The agency announced shifting its enforcement policy, away from companies unlikely to default on their pensions, benefited about 50 businesses by almost $1 billion since the start of a pilot program announced in November. The new approach screens out financially sound companies and small plans with less than 100 people, which excludes 92% of businesses that sponsor plans from the agency’s enforcement efforts (see “PBGC Announces Shutdown Enforcement Changes”).
PBGC Director Josh Gotbaum told PLANSPONSOR that the agency thinks the risk to the PBGC if these plans need help in the future and are less funded is minimal. “That’s why we’re giving them a break to begin with,” he said, adding that a much greater risk is that companies will decide to stop offering pensions entirely.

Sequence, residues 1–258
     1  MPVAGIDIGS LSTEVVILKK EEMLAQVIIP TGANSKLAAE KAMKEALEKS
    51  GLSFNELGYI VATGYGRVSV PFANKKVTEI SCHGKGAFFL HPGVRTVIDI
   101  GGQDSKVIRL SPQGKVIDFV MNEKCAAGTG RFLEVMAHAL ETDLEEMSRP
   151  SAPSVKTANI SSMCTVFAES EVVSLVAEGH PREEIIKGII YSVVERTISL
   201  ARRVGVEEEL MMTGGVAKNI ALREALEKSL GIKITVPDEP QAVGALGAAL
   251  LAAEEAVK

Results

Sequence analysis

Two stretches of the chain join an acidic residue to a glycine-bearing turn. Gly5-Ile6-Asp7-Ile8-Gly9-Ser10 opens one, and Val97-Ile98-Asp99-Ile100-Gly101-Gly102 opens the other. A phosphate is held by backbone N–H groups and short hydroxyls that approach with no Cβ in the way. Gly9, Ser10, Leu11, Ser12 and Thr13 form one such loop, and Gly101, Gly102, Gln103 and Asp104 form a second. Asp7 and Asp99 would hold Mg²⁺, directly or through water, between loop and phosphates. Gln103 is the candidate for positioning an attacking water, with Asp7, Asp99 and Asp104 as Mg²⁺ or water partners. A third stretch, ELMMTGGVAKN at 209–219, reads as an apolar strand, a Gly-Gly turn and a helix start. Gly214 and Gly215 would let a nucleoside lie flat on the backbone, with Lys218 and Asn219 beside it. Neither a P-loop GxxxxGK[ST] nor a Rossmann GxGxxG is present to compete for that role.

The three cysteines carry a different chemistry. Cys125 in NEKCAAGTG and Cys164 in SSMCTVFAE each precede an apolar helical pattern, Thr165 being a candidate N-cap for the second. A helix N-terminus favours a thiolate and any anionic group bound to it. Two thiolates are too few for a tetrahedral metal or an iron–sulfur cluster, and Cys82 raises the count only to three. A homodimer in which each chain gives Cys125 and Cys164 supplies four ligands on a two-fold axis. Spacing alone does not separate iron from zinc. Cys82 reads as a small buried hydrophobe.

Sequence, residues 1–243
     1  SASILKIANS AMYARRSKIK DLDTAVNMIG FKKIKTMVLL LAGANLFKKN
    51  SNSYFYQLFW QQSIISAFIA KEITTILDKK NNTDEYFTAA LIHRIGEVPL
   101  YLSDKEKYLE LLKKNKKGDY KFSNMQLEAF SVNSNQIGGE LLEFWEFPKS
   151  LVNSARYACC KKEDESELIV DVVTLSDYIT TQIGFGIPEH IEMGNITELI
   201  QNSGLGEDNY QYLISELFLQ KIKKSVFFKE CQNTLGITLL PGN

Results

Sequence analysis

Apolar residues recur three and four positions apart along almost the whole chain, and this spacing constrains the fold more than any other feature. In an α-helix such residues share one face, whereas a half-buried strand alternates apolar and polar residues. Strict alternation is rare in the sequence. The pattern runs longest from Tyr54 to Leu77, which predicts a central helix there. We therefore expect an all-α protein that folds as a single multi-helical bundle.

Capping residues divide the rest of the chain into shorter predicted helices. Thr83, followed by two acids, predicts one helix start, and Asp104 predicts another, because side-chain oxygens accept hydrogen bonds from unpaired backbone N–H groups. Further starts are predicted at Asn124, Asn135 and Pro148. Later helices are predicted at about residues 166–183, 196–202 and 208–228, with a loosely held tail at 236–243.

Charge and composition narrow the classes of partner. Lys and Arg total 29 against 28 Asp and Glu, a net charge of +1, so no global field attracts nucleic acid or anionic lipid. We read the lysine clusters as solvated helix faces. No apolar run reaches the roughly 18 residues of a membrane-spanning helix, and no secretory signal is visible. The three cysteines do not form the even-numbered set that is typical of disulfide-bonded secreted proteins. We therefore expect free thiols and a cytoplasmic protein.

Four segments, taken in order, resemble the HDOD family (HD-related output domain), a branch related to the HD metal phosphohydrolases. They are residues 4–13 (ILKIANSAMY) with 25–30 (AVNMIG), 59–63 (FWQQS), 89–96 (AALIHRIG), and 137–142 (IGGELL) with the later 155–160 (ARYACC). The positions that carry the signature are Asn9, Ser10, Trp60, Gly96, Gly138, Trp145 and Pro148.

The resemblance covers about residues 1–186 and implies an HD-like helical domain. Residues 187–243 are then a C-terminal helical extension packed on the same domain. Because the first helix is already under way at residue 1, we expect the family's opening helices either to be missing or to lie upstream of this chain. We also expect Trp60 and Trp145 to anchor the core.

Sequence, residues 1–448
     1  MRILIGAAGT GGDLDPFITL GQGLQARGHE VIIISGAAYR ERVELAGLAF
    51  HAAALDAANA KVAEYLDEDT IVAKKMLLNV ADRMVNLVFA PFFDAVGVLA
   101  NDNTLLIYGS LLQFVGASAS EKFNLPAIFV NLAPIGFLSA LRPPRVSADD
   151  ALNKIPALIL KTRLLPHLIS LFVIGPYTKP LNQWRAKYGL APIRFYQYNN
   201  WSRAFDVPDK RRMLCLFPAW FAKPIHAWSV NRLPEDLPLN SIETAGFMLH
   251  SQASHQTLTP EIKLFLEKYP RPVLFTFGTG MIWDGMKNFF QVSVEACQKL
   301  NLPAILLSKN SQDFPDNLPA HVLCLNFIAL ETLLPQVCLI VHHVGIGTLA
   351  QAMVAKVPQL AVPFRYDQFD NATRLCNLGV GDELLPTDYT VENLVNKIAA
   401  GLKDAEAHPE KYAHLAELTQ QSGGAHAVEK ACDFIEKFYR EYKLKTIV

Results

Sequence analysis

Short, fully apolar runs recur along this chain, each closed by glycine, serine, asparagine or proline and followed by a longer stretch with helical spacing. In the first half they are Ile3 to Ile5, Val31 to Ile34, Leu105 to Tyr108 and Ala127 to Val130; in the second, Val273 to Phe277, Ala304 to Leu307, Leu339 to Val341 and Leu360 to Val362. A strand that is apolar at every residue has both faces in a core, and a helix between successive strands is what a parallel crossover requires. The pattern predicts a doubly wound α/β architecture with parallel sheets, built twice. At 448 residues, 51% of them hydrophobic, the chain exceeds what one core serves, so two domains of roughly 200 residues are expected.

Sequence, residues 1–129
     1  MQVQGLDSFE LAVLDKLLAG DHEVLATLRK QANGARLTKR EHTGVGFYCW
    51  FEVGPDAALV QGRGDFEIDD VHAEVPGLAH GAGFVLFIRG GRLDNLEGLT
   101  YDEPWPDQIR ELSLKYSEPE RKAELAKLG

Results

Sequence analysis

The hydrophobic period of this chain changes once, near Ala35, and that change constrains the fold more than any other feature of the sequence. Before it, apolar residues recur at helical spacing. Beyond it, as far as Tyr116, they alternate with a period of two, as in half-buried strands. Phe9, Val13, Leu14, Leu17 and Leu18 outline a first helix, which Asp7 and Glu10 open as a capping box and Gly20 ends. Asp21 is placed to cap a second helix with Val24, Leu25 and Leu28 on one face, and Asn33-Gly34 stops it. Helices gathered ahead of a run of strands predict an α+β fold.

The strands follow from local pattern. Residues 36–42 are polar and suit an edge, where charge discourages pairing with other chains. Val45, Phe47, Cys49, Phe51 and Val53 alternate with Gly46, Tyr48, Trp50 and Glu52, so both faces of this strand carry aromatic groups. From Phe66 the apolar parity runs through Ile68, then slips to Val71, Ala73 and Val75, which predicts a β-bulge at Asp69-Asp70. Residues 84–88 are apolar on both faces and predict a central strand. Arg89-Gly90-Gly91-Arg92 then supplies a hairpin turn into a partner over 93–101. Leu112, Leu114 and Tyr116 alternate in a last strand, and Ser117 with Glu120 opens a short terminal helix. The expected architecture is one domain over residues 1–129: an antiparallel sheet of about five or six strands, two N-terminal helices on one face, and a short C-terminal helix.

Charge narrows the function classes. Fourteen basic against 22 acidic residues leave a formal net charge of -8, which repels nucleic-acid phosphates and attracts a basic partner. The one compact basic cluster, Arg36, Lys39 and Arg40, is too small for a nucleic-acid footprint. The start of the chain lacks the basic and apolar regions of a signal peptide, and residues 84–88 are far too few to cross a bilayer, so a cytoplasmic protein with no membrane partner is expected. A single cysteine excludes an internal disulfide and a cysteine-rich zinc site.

“It’s important that the business community knows they have a partner in keeping traditional pensions going. I think we’re sending that message by not enforcing on 92% of our customers,” Gotbaum added.
The shift in policy exempted financially sound companies such as Anheuser-Busch InBev, Procter & Gamble Co., and Whirlpool Corp., from having to address pension liabilities after ending operations at their work sites. Under the pilot program, PBGC didn’t enforce pension liabilities of about $475 million on 30 companies that were financially sound.
Additionally, the agency ended pre-existing enforcement agreements originally valued at $450 million with 17 companies because they were unlikely to default on pension benefits for their workers and retirees.“The worst result for employees is to have no employer plan at all,” Gotbaum said. “If companies think it’s too much trouble to offer lifetime income through pensions, they’ll stop doing it. We want to preserve pensions by reducing the hassle necessary to offer them.”
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